Morgan is designed to be easy to build, easy to use and affordable, with less Vitamins than most – for example:
- 4 x Stepper motors
- 9 x 608z bearings
- 4 x LM8uu
- less than 1m smooth rod
- 12 x M8 nuts etc.
Although the cost of some of these minor vitamins are negligible the idea is not to only to bring down cost, but to lower the overall complexity of the design.
The process of printing with Morgan is exactly the same as any other RepRap. The Firmware takes care of the inverse kinematics that translates X and Y to Theta and Psi
Here are some vitals of the currently released Morgan:
- Configured build volume: 200x200x250 – 10 litre The possible build volume with a half-moon shaped build surface can be up to 30 litre (longest possible printable component could be more than 500mm
- Build price is dependent on the amount of recycled materials used. In the prototype the wood was salvaged from old packing crates, the pipes were recycled from old office furniture, half of the 608 bearings were re-purposed etc. Some of the more expensive components are also optional, like the heated bed, LCD display, SD card reader
- Print quality is not overly dependent on the quality of materials used, excepting possibly the linear elements in the Z-axis
- Print quality is also not highly dependent on the quality of the assembly, as long as the calibration is done according to the instructions. The firmware takes care of the rest.
Morgan is a long way from hitting the $100 material cost because of the excessive cost of some of the exotic vitamins, like the hot-end and electronics. These should be a lot less expensive, and it will be the focus of my research to find the way to make the material cost drop below that target.
Of course kits will never retail at those levels. People need to be paid to do that, and their time is expensive, but makers should have a choice depending on how much they are willing to pay versus how much time they are willing to spend.
A heartfelt thank you to the generous people that donated to Morgan to date. Your contribution, be it time, or money will be worth it when the next disruptive technology is spawned from the 3D tools we are seeding into the world now.
10 Replies to “Morgan Vitals (Why should I build a Morgan)”
So.. with say.. documentation on what electronics are needed (steppers etc.) what would a ‘mechanical kit’ (plastic parts, PVC, bearings, rod & belts) cost out of the box? I ask as I have a Prusa that has given me nothing but headache and this looks like a VERY simple and rewarding place to put the parts. Got my credit card in hand 😉
If you have a prusa, you basically have all the vitamins save the 6805 bearings to build your morgan, with parts to spare!
What electronics do you currently have?
You might need to get two DRV pololus, 32 uStepping is vital, and if you can (but not immediately) replace the arm drive motors with 400step (0.9 deg) motors.
Again I wish I had a “normal” job that would allow me more time to get everything in order. I should have time this weekend to put a bit of work into the assembly instruction.
I’ve just read the reprap magazine and i saw Morgan in this edition. Congratulations again!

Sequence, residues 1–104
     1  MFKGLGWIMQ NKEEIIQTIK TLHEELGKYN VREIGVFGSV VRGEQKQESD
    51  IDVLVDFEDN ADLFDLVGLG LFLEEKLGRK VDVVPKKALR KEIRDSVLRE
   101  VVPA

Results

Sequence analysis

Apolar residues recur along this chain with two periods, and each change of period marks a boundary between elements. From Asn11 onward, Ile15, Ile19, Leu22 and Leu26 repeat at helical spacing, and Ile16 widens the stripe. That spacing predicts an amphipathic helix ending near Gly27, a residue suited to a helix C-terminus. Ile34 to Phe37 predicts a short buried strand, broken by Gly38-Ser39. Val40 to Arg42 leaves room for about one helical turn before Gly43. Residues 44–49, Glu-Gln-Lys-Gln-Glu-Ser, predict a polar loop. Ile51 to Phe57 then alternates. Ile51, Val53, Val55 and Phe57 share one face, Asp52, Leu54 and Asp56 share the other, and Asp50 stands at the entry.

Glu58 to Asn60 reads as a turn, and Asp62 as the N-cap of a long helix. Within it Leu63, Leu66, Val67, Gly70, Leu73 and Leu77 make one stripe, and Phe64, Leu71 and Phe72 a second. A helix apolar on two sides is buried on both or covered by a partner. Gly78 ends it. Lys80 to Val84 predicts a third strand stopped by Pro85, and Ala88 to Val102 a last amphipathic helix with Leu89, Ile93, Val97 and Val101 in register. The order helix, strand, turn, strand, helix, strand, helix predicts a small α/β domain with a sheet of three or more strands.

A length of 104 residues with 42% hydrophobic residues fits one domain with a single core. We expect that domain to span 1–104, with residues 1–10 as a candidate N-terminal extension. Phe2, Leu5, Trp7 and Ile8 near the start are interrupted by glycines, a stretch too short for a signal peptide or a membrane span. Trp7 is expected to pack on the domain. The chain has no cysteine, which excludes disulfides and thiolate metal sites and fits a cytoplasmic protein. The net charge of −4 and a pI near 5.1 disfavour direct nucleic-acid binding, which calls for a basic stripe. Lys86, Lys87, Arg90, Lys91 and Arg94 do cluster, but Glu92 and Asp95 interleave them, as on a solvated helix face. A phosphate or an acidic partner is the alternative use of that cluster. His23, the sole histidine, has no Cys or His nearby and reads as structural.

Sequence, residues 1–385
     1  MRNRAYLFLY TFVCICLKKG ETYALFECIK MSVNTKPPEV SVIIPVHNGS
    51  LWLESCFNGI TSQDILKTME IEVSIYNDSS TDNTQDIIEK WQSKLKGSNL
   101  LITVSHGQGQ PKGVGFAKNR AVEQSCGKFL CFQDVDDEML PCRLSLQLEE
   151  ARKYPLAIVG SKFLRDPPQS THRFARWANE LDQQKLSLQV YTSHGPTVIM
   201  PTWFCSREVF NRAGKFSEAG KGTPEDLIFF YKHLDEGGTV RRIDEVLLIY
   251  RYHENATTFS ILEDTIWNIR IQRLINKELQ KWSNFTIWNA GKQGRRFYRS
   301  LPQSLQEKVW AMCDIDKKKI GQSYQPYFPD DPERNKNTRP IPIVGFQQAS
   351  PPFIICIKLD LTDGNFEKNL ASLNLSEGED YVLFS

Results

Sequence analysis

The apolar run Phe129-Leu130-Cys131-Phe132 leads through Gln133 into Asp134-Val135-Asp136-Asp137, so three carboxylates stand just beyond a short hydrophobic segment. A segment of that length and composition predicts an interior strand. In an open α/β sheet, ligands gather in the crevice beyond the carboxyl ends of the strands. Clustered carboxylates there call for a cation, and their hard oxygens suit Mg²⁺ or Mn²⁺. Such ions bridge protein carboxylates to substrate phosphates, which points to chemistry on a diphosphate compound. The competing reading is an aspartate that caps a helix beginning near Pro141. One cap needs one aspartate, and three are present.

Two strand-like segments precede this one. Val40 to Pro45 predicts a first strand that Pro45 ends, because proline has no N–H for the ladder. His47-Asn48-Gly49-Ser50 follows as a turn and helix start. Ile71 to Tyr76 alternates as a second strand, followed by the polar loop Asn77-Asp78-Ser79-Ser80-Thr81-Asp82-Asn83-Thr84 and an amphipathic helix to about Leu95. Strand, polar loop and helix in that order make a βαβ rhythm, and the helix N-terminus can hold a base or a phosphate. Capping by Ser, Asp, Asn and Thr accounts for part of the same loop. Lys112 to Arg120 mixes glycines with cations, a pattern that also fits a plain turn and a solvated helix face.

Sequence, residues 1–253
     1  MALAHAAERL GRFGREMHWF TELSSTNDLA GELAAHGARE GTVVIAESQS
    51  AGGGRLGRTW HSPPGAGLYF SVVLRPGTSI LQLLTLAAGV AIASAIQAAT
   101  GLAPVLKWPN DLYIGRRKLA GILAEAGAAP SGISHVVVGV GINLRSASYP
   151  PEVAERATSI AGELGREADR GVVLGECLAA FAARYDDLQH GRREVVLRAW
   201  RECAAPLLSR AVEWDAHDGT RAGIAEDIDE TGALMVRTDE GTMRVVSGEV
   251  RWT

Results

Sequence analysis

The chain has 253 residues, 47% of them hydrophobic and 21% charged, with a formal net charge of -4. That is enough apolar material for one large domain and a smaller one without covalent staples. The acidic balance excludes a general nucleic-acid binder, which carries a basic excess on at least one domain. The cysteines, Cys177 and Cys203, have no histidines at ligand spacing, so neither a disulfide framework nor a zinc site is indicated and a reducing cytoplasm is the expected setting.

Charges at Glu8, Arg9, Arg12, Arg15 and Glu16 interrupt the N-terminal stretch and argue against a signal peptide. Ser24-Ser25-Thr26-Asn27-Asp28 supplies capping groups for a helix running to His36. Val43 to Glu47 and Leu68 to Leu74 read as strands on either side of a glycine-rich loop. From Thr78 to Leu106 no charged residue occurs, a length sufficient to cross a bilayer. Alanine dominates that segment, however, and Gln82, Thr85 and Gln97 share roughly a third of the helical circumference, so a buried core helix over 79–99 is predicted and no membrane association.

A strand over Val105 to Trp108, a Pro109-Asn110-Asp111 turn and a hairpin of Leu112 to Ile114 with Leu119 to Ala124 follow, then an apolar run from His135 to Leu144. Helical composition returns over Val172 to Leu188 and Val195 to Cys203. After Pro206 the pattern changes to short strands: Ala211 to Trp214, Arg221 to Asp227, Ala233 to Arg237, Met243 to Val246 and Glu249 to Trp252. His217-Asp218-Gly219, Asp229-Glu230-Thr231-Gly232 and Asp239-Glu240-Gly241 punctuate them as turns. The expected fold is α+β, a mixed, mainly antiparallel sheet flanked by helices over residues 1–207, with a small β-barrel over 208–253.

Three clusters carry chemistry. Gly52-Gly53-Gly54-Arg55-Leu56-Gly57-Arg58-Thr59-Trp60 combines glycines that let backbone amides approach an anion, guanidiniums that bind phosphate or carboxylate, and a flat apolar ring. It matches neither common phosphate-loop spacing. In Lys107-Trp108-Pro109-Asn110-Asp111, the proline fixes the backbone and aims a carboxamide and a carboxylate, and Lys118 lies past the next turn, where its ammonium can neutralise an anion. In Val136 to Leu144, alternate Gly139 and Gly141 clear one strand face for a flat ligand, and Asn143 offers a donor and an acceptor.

Current Electronics would be a standard hot end (.5mm) 5xNema17 Steppers and Arduino Mega with Ramps 1.4 wLCD kit & 3 endstop switches. As for location.. Im in the US (Zipcode 46901) Any predictions on when your kit will go public?
Which pieces increase to increase the Z build height?
I am thinking smooth rods, threaded and maybe lead screw? Of course PVC legs would need more too.
Most of the rods I’m ordering appear to be in 1M lengths so why not take advantage?
I’ve taken the liberty of doing some material reduction of one of the parts in sketchup. This is the “PSI arm A” with a bit of plastics reduction http://bit.ly/11szBNl. I believe that there’s room for plenty more reduction. However, if I should not be doing this, please tell me.
Anyway, this is just a bit of quick messing around, but brings the cost from $76USD to $44USD on shapeways. I left out the two holes on the longitudinal shaft and changed the “pointed” divots to “square” [look underneath the model] and i removed some material on the tube with the 6 point hole. I don’t *think* these changes will affect strength after looking at the assembled printer pictures. I don’t own or really have access to my own 3d printer, but i really like the simplicity of this printer design; and I think these reductions can speed print time and save materials. If it is acceptable, I will continue on material reduction [and make the parts look neater; the truss is a hack].
I tried trusses before moving to the “pipe” design. The arms have significant twist force on them when the PSI arms are at 90 deg, and then the truss tend to flex too much.
It is open source though, and you can do whatever you like with my designs, no problem. Just know that there is a big box full of failed printer parts under my desk…
OK, cool! Well, if there’s a ton of torsional stress and the truss idea is no good…then maybe reinforcing the pipe with a sort of snap-in steel or aluminum rod or shaft can alleviate some of the materials cost. Either way, it looks like i need to get my hands on an actual printer before spending too much time doing what you have already done!
Yes. This would be a better idea. I even designed a part to do this initially, and might return to it in future. Of course there are other challenges surrounding that solution, but the ideas are brewing already for a future version of the machine.
In the mean time I need to work on getting the instructions improved.